No one dares to make a sound. I myself don’t dare to look up at her face, to see if she realizes what she has just said. I look straight ahead, at Sister Francis’ midriff, as my front teeth dig so deeply into my lower lip that I wouldn’t be surprised if I struck oil.

I can’t remember what happened after that. I do remember that we did indeed take the Regents exam some weeks later, and it was easy. Ridiculously easy. You would have aced it. Your cat or dog would have sailed through it. Even your goldfish would have passed it swimmingly.

But I still don’t know that much about history.

Monday, April 8, 2019

Holy Week in the composing room

It’s Holy Week, and on this particular night, about 30 years ago, I am filling in as makeup editor in my newspaper’s composing room.

The job has nothing to do with lipstick and rouge, though it does involve working with a few people who I sometimes think — in my less charitable moments — deserve the kind of facial makeover that Estee Lauder never envisioned.

Most of the people in the composing room are nice to me; they dutifully cut and paste up the type after it comes out of the film processor that has replaced the Linotype machines. But a couple of them are incompetent and incomparably rude. One of them can’t be trusted to cut type correctly — his nickname is “Chainsaw” — and when he puts type on a page it’s often crooked. The only way he could consistently put it on straight would be if his shift coincided with a major earthquake.

And there’s the production manager, whose duties consist of sitting in a little office, reading a newspaper and chewing gum, then coming out to the newsroom to chat with the managing editor, then going back to his office — and more gum! — then, as deadline approaches, coming out to the composing room and harassing already harried editors.

The makeup editor job is basically troubleshooting: cutting stories that are too long; finding ways to fill space because a story is too short; looking for stories and pictures that are missing. And when I’m not doing all this, I’m trying to anticipate problems as the clock keeps ticking.

This being Holy Week, the paper has been running a daily series that retells the Easter story.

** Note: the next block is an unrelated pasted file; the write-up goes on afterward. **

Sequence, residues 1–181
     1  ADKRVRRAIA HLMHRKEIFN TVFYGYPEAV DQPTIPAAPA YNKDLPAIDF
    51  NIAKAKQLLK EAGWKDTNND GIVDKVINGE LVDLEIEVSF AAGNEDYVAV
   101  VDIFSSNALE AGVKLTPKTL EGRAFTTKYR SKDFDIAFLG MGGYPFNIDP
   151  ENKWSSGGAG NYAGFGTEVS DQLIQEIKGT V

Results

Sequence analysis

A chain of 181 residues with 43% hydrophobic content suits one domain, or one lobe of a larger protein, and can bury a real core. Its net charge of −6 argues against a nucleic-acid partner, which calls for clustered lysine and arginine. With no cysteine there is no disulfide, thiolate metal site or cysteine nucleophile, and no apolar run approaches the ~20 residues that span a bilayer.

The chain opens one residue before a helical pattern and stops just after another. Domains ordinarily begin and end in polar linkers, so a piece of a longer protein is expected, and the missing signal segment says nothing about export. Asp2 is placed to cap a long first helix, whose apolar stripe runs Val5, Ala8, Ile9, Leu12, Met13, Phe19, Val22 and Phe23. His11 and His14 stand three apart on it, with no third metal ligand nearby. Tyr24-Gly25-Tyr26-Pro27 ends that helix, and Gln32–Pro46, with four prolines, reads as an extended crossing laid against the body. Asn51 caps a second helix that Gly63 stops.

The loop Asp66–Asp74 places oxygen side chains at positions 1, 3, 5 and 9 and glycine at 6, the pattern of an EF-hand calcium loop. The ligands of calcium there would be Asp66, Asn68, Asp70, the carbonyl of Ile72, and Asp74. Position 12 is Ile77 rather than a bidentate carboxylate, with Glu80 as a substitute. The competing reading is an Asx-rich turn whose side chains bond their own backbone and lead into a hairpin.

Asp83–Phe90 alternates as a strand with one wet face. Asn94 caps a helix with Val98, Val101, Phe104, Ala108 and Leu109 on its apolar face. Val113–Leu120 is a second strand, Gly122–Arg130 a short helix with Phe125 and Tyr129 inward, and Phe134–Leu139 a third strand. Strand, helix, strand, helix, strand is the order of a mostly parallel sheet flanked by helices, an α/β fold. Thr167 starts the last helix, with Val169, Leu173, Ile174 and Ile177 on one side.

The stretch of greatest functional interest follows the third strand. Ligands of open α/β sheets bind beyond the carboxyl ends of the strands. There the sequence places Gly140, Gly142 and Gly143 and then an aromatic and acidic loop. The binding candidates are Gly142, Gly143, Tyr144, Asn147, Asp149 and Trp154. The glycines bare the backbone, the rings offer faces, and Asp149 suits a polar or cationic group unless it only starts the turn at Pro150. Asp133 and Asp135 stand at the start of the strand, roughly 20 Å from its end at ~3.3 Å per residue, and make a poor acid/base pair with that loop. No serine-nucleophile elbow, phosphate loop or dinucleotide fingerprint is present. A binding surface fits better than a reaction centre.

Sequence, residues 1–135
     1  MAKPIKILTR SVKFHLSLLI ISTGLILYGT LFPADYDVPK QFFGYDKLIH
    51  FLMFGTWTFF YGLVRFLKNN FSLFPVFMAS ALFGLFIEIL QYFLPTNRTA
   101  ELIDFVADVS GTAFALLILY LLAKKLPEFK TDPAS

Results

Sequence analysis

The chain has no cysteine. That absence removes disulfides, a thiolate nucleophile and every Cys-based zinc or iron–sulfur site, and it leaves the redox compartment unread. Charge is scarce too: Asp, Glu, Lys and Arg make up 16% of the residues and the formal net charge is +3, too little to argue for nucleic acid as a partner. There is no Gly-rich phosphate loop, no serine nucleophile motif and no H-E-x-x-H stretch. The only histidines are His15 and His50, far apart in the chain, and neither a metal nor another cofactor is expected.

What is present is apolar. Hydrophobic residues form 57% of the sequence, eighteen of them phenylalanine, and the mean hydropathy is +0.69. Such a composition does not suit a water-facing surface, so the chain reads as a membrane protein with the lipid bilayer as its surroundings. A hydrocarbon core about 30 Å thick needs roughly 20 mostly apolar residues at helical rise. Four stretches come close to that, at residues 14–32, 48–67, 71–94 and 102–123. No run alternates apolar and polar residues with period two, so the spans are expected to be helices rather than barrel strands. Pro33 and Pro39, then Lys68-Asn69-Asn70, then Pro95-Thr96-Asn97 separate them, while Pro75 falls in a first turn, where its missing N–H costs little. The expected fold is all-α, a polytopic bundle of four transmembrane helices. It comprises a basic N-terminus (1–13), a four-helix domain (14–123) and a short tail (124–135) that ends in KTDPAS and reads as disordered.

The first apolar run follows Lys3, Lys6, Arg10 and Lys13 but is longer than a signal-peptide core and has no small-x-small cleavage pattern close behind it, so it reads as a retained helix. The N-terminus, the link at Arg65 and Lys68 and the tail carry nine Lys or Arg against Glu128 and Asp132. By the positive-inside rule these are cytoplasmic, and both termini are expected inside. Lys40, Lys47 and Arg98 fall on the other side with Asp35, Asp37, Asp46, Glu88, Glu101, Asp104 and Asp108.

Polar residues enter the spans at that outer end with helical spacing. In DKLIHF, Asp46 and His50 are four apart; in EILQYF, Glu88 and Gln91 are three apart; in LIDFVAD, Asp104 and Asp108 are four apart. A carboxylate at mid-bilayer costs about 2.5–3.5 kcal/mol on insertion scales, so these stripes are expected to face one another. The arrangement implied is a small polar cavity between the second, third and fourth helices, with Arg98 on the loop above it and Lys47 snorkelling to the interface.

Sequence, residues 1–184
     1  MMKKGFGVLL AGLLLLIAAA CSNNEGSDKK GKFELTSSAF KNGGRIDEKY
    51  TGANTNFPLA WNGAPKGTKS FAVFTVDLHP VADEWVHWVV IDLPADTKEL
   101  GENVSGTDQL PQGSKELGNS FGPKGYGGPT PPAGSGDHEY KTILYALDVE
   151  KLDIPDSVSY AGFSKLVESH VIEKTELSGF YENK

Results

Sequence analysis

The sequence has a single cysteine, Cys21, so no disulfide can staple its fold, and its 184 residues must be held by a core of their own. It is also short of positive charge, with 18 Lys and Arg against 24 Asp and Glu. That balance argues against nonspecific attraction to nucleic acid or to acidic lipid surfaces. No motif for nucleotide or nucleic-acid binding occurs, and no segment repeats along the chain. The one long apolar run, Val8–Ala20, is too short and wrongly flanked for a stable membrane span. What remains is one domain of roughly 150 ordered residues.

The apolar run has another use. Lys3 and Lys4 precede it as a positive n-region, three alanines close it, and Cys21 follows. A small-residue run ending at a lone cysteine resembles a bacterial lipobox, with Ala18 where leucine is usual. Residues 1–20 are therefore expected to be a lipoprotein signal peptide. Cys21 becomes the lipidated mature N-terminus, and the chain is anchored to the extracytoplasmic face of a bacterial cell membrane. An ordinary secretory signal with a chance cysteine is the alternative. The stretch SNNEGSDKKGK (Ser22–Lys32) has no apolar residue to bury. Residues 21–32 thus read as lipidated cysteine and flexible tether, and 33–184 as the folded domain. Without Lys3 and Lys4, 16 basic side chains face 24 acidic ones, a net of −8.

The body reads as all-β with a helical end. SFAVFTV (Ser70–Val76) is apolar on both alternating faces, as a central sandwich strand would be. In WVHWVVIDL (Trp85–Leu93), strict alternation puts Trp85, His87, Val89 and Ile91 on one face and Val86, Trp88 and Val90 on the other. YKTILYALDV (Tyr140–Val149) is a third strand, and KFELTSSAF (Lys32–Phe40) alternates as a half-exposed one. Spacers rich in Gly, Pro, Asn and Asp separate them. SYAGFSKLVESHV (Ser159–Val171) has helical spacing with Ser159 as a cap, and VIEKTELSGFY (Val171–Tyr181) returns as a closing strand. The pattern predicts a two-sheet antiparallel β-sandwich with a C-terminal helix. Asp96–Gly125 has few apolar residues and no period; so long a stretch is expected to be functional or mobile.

A small picture goes with it — an artist’s rendering of the face of Jesus Christ.

And it’s missing.

I know that every morning someone from the newspaper’s library comes into the composing room, collects the pictures from that morning’s pages and brings them to the library to be filed.

So I hustle across the building to the library.

Over the years the library has improved. It used to be that if you went in there looking for, say, a picture of Julie Andrews, you had to look in a file cabinet and find a small folder with her name. This would direct you to a large manila folder in another file cabinet, a folder marked with a number, such as 4537.

Upon opening the drawer in the bigger file cabinet and finding Folder 4537, you would be likely to find a few pictures of Julie Andrews — but only after sifting through pictures of the Empire State Building, a circus elephant, a guy in a hard hat pointing at something, a kindergarten class from a local school, the same guy in the same hard hat pointing at something else, and about a dozen other unrelated images.

You know that theory that says that if you take 20 monkeys and sit them at typewriters, one of them will eventually type “King Lear”? I am reasonably sure that one of the 19 other monkeys invented this filing system.

Luckily for me, the filing system has been revamped. Unluckily for me, I can no longer dive in and find something myself. Instead, I’m now required to ask a clerk to find it for me.

Tonight the clerk is a guy named Bob. He’s an older gent and one of the nicest people you’d ever want to meet.